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Tester holding black Android smartphone Detecting and Preventing Android Security Risks

Even though the Android app development process involves thorough verification, there has been no preventing new malware from being developed. Here are some of the most common potential security risks Android users should watch out for, as well as some measures to take to protect your smartphone, data, and privacy.

Harshal Shah's picture
Harshal Shah
The Potential for DevOps in Fighting Cyber Warfare

Government hacking incidents have put cyber warfare in the news. DevOps actually presents an interesting arsenal. With DevOps, your systems have excellent environment monitoring and are cryptographically verifiable such that the slightest penetration or unauthorized change is immediately detected.

Bob Aiello's picture
Bob Aiello
Can Bug Bounty Programs Replace In-House Testing?

Large companies have long used bug bounty programs to find vulnerabilities in their software, but these initiatives are becoming increasingly common among individual developers, too. Should a small business use a bug bounty program? And could it even replace their in-house testing? Should it?

Sanjay Zalavadia's picture
Sanjay Zalavadia
Apple Pay's Security Concerns Holding It Back

Apple Pay might be simple and easy to use, but the number of people in the US who distrust mobile payment systems due to the degree of personal information that needs to be shared increased by 9 percent year-over-year, bringing it to 35 percent. Security issues are holding the app back.

Josiah Renaudin's picture
Josiah Renaudin
US Military’s Social Media Accounts Hacked

The US military command’s Twitter and YouTube accounts were hacked recently. Though the episode essentially amounted to little more than an annoyance, it should lead to an investigation into whether there are any more vulnerabilities in the administration's online accounts and profiles.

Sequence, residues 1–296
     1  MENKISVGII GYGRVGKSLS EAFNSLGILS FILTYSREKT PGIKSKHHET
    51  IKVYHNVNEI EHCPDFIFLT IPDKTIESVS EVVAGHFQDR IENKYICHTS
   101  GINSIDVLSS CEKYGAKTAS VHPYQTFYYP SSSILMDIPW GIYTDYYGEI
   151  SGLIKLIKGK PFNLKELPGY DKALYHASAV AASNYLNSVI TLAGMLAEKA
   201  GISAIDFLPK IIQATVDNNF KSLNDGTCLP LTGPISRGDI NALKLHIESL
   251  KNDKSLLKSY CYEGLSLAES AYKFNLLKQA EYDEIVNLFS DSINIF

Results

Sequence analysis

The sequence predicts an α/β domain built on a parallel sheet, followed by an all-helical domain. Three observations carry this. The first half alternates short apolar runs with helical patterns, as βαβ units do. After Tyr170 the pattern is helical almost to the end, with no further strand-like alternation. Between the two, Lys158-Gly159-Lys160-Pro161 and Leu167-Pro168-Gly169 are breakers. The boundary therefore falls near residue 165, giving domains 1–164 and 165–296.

Beth Romanik's picture
Beth Romanik
Keeping One Step Ahead of Cloud Hackers

Cloud systems are tempting targets for hackers because a single successful breach can steal information from multiple companies. To keep one step ahead of hackers, you need to understand what you can protect, where you might lose visibility, and where you need to apply extra security assurance.

Nazar Tymoshyk's picture
Nazar Tymoshyk
Who Should Be Testing? New Considerations after Security Breaches

Debates arise when people start talking about where a particular IT function should be performed. Executives can act as if testing is a necessary evil and cost is the only important factor. But due to recent security breaches, companies should be more concerned with comprehensive testing than cost.

Jennifer Bonine's picture
Jennifer Bonine
Doing Our Part to Contain Point-of-Sale Data Theft

It’s easy for us as software developers and testers to dismiss intrusions on point-of-sale systems as the fault of network security professionals or inadequate network defenses. The reality is that there is a lot we should be doing as well on the software side to prevent these kinds of attacks.

Jennifer Bonine's picture
Jennifer Bonine